As the preseason gives way to the regular season for the No. 20 Ohio State men’s lacrosse team, confidence might continue to build in the Buckeyes’ locker room. Saturday’s doubleheader and preseason finale against No. 12 Syracuse and Robert Morris yielded positive results for the Buckeyes, who had a chance to test out their younger players with the physical toll of playing two games in a day. Dropping the first match, the Buckeyes lost to Syracuse 8-7, conceding a late goal to the Orange that proved to be the difference in the game. After about a three-hour break, the team came out and took down Robert Morris, 17-9, outscoring the Colonials 11-2 in the second half. Coming into the day, some fans circled the team’s game against Syracuse as a potential thriller. The teams did not disappoint. OSU captain, senior midfielder Dominique Alexander, kicked the scoring off early in the first half putting the Buckeyes up, 1-0. The Orange answered, though, and showed why their defense is considered one of the best in America, holding the Buckeyes’ goalless for almost 20 minutes during the game’s first and second quarters. After giving up four straight goals, OSU went into the half trailing, 3-5, and needing a spark on offense. The Buckeyes came out on fire in the second half, tying the game, 7-7, by the midpoint of the fourth quarter, though. In the end, OSU could not capitalize on its momentum, and Syracuse scored the winner with just more than two minutes to play in the match. While Robert Morris came out and played Syracuse, OSU got a chance to head back to the locker room for a little recuperation and game planning for the second match. Starting remarkably similarly to the way they had earlier in the day, the Buckeyes scored the first goal of the match but conceded four straight scores to give Robert Morris a 3-point lead heading into the second quarter. Senior midfielder Dan Wertz and senior attacker Patrick Riffee turned it on after the break between quarters. Scoring a combined 11 goals, seven of which were from Wertz, the two seniors spurred the Buckeyes to a dominant performance in the final three quarters. Once the dust had settled, OSU led, 17-9, which finished the preseason unofficially 2-2. OSU is set to play the Detroit Titans for the regular season opener on Saturday at 1 p.m. at the Woody Hayes Athletic Center. read more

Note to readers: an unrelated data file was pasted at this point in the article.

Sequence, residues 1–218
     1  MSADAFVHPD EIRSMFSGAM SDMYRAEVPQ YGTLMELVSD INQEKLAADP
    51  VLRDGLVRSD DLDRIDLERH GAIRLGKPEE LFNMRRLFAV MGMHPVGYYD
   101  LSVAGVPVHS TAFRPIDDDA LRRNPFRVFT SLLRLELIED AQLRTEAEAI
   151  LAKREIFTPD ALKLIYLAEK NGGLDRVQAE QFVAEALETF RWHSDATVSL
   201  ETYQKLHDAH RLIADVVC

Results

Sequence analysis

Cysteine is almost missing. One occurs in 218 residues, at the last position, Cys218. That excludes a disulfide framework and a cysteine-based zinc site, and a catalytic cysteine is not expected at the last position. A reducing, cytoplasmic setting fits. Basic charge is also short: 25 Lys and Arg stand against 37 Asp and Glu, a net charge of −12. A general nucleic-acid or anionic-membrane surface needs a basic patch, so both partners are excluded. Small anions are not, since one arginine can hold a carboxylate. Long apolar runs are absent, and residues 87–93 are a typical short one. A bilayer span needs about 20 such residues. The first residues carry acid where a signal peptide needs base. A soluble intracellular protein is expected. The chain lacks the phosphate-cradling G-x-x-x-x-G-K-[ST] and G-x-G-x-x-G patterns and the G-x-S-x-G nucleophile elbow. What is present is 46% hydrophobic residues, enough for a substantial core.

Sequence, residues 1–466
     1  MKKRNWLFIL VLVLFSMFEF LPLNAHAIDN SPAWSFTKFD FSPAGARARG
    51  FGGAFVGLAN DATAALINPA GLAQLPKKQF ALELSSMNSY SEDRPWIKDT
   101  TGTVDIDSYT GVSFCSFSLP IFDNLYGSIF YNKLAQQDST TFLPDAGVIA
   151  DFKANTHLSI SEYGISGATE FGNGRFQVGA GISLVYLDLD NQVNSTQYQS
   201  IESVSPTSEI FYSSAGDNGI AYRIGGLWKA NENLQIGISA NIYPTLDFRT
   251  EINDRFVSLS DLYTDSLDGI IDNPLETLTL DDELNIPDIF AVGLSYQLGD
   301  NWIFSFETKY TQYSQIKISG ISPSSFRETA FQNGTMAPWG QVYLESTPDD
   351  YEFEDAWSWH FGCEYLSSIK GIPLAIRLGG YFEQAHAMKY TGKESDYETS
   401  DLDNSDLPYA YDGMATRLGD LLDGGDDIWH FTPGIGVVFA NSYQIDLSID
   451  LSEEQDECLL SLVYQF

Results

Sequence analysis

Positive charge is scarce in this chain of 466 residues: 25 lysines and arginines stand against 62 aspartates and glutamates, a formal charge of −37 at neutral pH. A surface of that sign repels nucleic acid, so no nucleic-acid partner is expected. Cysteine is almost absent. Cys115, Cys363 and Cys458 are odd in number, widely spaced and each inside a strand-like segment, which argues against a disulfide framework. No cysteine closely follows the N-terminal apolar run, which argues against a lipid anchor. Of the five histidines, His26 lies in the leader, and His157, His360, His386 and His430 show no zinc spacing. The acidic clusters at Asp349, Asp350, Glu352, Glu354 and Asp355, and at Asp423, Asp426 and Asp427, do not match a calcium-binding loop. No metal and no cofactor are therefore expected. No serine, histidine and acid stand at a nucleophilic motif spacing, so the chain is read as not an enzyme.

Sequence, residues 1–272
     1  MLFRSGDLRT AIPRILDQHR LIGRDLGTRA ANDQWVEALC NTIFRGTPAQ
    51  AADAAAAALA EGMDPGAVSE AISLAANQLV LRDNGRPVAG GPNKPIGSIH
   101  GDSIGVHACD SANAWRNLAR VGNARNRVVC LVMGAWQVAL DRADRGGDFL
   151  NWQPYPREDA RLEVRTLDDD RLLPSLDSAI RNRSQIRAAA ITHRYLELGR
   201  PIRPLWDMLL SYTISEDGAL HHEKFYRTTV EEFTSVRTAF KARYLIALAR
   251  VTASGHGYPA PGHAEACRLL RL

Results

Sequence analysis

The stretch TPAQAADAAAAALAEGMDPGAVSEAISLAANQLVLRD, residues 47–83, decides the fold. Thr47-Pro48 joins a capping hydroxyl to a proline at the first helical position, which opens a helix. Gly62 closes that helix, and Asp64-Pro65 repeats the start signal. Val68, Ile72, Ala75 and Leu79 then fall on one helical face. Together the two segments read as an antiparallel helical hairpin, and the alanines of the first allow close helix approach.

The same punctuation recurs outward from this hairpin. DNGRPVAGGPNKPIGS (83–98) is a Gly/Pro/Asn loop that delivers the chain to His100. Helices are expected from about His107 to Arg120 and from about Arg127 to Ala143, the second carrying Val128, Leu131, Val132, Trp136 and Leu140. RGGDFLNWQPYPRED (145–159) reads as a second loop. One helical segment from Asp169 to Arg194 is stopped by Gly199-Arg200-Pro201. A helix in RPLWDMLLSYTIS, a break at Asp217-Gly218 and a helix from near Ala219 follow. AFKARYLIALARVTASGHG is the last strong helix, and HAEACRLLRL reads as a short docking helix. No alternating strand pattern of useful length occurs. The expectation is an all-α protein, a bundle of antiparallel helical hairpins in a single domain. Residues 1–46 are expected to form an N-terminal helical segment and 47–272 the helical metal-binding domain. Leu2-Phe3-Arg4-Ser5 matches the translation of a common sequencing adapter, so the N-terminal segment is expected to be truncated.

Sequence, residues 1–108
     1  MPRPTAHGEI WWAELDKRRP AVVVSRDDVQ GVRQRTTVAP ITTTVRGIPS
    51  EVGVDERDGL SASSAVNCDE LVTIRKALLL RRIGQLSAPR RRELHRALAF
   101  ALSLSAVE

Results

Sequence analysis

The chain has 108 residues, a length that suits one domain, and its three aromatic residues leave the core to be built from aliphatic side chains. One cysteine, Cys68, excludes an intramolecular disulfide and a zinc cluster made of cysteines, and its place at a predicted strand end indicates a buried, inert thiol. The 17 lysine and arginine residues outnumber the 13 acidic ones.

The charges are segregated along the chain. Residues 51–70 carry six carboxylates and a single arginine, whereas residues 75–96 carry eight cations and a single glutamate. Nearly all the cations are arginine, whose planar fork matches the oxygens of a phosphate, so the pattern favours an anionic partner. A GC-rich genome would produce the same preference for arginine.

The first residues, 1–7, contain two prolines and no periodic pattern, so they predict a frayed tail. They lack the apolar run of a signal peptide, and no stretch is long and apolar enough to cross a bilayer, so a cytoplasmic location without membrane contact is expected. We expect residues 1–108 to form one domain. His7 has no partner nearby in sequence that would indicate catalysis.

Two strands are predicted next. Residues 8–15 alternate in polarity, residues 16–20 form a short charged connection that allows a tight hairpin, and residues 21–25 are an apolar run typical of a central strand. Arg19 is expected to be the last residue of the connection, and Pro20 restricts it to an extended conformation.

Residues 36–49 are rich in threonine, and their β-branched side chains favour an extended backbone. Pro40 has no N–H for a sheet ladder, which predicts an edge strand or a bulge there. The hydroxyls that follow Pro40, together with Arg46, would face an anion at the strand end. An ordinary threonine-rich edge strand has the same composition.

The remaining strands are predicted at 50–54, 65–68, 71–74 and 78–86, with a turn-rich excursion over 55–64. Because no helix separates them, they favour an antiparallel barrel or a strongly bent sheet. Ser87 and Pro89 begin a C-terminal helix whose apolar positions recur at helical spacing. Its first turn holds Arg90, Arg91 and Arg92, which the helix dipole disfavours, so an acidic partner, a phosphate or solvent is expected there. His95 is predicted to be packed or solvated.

Former Arkansas defensive coordinator Chris Ash was named Ohio State co-defensive coordinator and safeties coach Jan. 23.Credit: Courtesy of Arkansas Athletic DepartmentUrban Meyer’s rejuvenated coaching staff might be complete.Ohio State officially announced the hiring of Chris Ash as co-defensive coordinator and safeties coach Thursday, rounding out coach Meyer’s coaching staff for now, according to a press release.“We’ve competed against a Chris Ash defense before and I have respect for him as a coach,” Meyer said in a released statement. “I like the fact he has experience in the Big Ten Conference and that he is a great recruiter. He was highly recommended by everyone I spoke to.”An OSU spokesman said in an email Thursday afternoon Ash is set to earn $520,000 as part of the Buckeyes’ coaching staff, $30,000 less than what he made in his previous position.Ash comes to OSU after spending one year as the defensive coordinator and secondary coach at Arkansas. He is set to replace former OSU co-defensive coordinator and safeties coach Everett Withers, who was named the next head football coach at James Madison University Dec. 20. Withers earned $580,000 this past season at OSU, according to The Lantern archives.“I was attracted to this position because it is Ohio State,” Ash said in a released statement. “And I had to wonder if I ever would have this opportunity again. This is one of the top five college football programs in the country. It has tremendous history and tradition, and it is a great academic institution.“The opportunity to work for coach Meyer and to learn as a part of his staff will absolutely enhance my knowledge of the game and my coaching experiences.”Prior to coaching at Arkansas this past season, Ash spent two years at Wisconsin with former Badgers and current Razorbacks coach Bret Bielema. In 2011, the Wisconsin defense allowed just 163.6 passing yards per game, good for fourth-best nationally. It also ranked 13th in the country in scoring defense, giving up just 19 points per game, and 15th in total defense, allowing 316.3 yards per game.In 2012, the Badgers defense finished ranked 15th in the country in total defense, allowing 322.6 yards per game, and 16th in scoring (19.1 points per game) and 18th in fewest passing yards allowed with 193.6 yards per game. He was part of the coaching staff that helped lead the Badgers to three straight Rose Bowls from 2011-13.Ash will look to bring stability to OSU’s defensive secondary, which finished ranked 112th in the nation last season, giving up an average 268 yards per game.“To be successful, I think you have to be detailed,” Ash said in a released statement. “You have to be able to coach and teach the fundamentals of the game, and that’s how you develop players. You have to have a consistency with how you prepare yourself so you can prepare them and then get them to play hard.”Ash, a 1996 graduate of Drake University who grew up in Iowa, said in a statement he is looking forward to recruiting for OSU.“You can recruit anywhere in the country,” Ash said in reference to the OSU coaches. “You can recruit players that are talented, that have character and that believe education is very important. When you have all three of those attributes in players, then you can build upon this outstanding program.”Ash earned $550,000 this past season at Arkansas, according to the USA TODAY coaches database.The Buckeyes are set to open their 2014 campaign Aug. 30 against Navy at M&T Bank Stadium in Baltimore. read more